When you relieved General Hamilton of his command the other day, you thereby lost the confidence of at least one of your best friends in the Senate. And here let me say, not as applicable to you personally, that Senators and Representatives speak of me in their places as they please without question; and that officers of the army must cease addressing insulting letters to them for taking no greater liberty with them. But to return, are you strong enough, even with my help, te set your foot upon the neck of Sumner, Heintzelman, and Keyes, all at once? This is a practical and very serious question for you. Yours truly,
Arbitrary Arrests, action of Govern- | Confederacy-organization of the Rebel
ment, 839; debate in Congress, 327. Government, 59; objects of the Con-
Steele, 455; President's letter about Confiscation Bill, 153; debate in Con-
sage approving, 201.
Congress, appoints committee on Com-
ation for an election in Louisiana, 454. resolution, 70; action on amendment
burg, 235; of Seven Pines and Fair den resolution and Peace Conference,
confiscation-employment of slaves,
effect of Bull Run defeat on legislative
President's address, 192; Hon. Mr. Territories, 183; abolishes slavery in
District Columbia, 183; approves com-
56; last message, 63; dissolution of Contiscation Bill, 196; the Currency
308; debate on arbitrary arrests, 327;
in Army of Potomac, 281; battle of 336; meeting, December, 1863, 416;
ment abolishing slavery, 435.
Crittenden Compromise, 66; resolution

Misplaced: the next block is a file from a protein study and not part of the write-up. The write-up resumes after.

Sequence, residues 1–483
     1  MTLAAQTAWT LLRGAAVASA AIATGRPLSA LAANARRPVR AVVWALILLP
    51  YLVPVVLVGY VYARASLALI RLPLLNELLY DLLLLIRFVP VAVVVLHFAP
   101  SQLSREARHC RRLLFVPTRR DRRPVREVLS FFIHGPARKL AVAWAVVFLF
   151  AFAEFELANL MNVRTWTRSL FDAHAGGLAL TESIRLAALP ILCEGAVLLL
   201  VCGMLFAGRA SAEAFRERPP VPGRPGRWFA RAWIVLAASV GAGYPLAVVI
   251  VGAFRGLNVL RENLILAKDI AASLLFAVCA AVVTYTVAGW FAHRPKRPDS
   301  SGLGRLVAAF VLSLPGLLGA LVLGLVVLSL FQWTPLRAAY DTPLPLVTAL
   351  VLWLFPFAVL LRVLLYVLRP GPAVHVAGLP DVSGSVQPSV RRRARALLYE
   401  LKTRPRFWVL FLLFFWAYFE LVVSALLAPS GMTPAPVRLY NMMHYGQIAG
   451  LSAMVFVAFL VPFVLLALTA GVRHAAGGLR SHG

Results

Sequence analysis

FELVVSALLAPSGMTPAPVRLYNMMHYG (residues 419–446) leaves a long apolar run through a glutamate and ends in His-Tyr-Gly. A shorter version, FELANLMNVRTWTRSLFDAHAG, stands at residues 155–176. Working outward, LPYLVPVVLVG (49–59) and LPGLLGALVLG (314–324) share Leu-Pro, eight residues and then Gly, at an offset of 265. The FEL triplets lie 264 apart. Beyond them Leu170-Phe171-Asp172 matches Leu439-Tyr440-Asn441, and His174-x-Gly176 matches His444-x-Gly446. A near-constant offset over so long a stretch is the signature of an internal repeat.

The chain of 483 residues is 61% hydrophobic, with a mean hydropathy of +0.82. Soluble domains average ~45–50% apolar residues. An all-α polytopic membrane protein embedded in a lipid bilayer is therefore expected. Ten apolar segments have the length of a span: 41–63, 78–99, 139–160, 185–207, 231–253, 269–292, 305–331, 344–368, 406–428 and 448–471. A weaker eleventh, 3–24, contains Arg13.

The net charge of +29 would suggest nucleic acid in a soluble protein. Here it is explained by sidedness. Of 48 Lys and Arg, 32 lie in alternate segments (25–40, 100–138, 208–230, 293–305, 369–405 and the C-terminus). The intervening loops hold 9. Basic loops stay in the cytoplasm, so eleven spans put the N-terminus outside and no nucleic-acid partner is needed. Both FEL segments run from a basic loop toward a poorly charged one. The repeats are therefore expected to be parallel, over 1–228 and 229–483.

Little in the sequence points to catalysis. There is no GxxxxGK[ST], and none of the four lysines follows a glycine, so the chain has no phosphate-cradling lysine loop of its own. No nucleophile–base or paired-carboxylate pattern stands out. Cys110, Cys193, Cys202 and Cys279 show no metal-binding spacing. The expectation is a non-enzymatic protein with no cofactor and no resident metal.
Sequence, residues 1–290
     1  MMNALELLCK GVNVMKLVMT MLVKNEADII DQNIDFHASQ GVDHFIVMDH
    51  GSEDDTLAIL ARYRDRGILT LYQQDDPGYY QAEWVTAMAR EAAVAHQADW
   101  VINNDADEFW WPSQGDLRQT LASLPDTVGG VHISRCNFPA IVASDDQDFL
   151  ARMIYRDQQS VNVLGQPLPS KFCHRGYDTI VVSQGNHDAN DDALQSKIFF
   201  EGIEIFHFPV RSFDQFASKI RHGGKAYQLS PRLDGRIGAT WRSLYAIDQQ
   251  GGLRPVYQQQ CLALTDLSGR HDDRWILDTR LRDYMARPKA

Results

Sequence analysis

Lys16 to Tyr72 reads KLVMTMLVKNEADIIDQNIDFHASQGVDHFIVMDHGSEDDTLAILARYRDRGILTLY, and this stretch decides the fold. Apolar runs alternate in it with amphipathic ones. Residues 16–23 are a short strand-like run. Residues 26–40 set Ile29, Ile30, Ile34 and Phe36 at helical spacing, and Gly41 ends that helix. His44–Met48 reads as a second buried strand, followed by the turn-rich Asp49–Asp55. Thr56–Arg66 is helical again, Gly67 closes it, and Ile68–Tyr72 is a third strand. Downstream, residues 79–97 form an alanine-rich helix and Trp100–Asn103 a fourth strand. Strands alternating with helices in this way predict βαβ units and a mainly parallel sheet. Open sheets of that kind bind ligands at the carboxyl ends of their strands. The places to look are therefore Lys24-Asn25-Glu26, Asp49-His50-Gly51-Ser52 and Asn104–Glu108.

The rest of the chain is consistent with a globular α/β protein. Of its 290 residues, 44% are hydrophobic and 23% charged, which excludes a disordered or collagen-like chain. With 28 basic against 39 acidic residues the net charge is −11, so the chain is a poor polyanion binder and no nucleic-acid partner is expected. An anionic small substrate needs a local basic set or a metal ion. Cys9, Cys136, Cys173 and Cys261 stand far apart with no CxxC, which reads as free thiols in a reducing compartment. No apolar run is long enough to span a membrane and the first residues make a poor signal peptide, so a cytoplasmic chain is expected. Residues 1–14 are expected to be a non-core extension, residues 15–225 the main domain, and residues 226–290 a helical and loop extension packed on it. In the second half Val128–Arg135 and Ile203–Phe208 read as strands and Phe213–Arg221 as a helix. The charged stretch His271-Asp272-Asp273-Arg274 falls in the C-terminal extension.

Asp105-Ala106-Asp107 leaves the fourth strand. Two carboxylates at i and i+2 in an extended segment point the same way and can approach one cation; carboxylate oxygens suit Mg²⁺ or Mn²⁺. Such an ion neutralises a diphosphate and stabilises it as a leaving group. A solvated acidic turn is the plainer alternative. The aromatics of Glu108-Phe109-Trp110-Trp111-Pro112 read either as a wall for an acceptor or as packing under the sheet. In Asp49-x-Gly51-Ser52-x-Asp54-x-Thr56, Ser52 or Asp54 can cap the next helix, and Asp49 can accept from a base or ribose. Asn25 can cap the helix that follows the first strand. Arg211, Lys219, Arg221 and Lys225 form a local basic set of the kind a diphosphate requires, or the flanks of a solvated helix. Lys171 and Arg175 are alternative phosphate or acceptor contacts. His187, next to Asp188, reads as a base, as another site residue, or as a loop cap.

organization of Lincoln's, 121; resigna- | Curtis, General, appointed to command
in Missouri, 398; his removal, 399.
War, 205: President's message con-
Democratic Party, its position at time of
President's interview with colored tions of 1862, defeat in 1863, 414.
England, instructions to our Minister at
against her recognition of the Rebels
coinmittee of Congress on, 68; report 162 ; stoppage of rebel rams, 441.
cago Committee un, 212; Proclamation
of September, 1862, 215; Proclamation
tions of 1862, State elections of 1863,
Fremont, appointed to Department of
the West, order of emancipation, 393;
favor of, 396; asks to be relieved, 203.
Mr. Seward, 298; our relations with,
457; defeat at Olustee 458.
Greeley, President Lincoln's letter to,
proclamation of victory, 381; dedica-
tion of Cemetery, 381.
Vicksburg, 332; appointment as Lieu-
Hunter, General, his order abolishing
slavery in South Carolina, 188; Lin-
coln's letter to, in Missouri, 394,
sity of aiding Pope, 260; letter about
sion, 311; action of the Government,
side in Army of Potomac, 377; is re-
85; at Cleveland, 88; at Buffalo, 89; at
to McClellan about strength of his
Invasion-proposed rebel invasion of the
North, 129; invasion of Pennsylvania
Kilpatrick-raid to Richmond, 459.
Lincoln, Abraham, life and career, 18;
nomination at Chicago, 45; election to
Gov. Seymour on the draft, 372; second Meade, Gen., succeeds Hooker, 379; fights
gress, 336; movements for reorganiza- Ohio-nomination of Vallandigham for
toral vote, 55.
Magruder, the rebel general's report of Reconstruction, President's movements
towards and message on, 416; letter
timore, 125; President's correspond- for,451; movements towards, in Louisi-
dent's address on emancipation, 194. Scott, retirement of General, 156; letter to